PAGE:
Analysis: Germany’s spies struggle to adapt to post-Cold War changes

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BND logo

Nearly everyone in Germany recognizes that the global intelligence landscape has changed, almost beyond recognition, in the years since the end of the Cold War. Current challenges are far more underground in nature, far more flexible, far more unpredictable. The question is, has Germany’s primary intelligence agency, the BND, changed along with the times? The answer is not so simple. The BND continues to struggle immensely with bureaucratic inefficiency and substandard human and financial resources, explains Deutsche Welle‘s Peter Philipp. Even when it does produce useful intelligence, its advice is not always taken into consideration by German government officials, who tend to have their own opinions on political developments. “Most politicians do have their own view of the world order”, says former BND chief Hans-Georg Wieck, “so [we] must address the[m] in a way that makes them more likely to act on [our] information”. Philipp’s interesting editorial can be accessed here.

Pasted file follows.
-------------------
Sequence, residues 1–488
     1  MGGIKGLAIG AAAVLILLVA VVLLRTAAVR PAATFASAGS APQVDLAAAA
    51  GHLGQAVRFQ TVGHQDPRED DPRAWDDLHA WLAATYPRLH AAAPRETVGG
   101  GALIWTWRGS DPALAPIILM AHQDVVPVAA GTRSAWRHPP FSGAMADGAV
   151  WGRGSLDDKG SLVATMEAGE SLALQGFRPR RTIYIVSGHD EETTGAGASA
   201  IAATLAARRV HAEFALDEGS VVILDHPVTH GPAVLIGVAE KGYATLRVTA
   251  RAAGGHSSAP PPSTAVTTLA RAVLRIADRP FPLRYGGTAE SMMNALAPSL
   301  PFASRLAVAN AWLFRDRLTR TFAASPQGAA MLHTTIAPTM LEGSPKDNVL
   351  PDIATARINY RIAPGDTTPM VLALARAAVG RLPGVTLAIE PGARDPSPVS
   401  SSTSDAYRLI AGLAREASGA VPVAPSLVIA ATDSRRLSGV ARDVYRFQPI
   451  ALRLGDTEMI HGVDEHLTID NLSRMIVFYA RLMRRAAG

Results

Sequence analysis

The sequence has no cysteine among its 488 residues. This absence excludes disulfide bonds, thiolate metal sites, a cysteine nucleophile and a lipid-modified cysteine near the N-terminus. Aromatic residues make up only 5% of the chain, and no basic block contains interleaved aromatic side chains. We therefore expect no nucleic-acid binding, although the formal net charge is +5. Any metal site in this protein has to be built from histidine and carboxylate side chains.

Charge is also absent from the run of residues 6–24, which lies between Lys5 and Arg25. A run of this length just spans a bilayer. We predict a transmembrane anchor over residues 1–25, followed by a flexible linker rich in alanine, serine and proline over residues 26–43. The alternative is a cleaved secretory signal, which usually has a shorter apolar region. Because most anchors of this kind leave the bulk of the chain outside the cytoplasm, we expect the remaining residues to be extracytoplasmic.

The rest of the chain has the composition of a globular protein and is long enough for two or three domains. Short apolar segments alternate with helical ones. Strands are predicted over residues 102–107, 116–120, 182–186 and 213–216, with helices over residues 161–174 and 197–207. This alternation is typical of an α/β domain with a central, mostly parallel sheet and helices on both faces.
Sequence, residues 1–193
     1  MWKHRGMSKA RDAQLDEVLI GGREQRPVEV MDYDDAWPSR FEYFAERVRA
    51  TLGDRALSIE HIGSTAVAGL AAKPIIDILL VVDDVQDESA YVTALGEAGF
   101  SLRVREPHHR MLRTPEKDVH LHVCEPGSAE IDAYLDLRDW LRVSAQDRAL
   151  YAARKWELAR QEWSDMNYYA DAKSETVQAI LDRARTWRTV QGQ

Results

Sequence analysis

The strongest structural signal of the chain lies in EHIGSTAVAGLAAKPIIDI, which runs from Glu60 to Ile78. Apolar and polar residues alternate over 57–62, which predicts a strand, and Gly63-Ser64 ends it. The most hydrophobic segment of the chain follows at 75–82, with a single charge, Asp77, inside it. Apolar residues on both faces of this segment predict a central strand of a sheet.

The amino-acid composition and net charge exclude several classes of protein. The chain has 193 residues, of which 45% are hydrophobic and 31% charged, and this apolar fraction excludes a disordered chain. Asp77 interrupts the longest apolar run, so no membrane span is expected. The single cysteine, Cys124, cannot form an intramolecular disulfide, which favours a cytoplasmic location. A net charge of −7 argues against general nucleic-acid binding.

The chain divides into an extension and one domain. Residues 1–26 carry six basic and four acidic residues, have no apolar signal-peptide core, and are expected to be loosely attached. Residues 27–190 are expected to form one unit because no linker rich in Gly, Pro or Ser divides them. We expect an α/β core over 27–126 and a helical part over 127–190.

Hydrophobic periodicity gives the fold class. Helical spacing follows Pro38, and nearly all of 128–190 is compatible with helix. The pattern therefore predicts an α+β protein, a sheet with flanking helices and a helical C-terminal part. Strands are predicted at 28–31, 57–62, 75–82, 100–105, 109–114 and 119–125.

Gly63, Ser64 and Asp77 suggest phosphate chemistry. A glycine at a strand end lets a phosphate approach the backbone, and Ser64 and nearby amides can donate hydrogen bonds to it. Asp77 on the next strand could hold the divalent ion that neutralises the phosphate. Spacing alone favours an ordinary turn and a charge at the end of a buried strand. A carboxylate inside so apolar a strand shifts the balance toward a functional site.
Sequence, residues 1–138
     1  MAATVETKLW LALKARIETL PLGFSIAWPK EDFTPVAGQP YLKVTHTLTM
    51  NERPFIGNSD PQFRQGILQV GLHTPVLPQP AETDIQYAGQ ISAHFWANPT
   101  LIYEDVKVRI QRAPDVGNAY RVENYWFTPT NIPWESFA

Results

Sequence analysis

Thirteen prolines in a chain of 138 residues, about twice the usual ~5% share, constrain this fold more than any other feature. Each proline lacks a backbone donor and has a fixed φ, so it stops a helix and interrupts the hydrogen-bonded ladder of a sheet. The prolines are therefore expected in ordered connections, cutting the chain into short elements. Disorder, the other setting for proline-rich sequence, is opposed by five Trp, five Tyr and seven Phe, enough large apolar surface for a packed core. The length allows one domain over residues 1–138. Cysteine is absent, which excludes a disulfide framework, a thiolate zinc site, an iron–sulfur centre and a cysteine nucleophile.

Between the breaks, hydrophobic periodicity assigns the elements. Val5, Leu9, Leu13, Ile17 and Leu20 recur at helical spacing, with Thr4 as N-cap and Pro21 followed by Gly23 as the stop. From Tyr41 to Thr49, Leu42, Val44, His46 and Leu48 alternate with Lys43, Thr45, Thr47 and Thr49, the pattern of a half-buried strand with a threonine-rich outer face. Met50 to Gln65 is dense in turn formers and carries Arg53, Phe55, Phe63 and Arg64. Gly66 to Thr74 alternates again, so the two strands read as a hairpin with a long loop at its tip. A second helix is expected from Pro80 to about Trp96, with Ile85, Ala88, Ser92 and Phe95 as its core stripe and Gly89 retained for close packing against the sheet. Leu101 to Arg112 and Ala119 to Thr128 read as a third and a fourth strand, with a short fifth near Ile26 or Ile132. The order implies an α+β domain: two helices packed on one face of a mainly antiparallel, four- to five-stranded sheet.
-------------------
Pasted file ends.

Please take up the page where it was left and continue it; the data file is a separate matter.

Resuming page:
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Expert news and commentary on intelligence, espionage, spies and spying, by Dr. Joseph Fitsanakis and Ian Allen.

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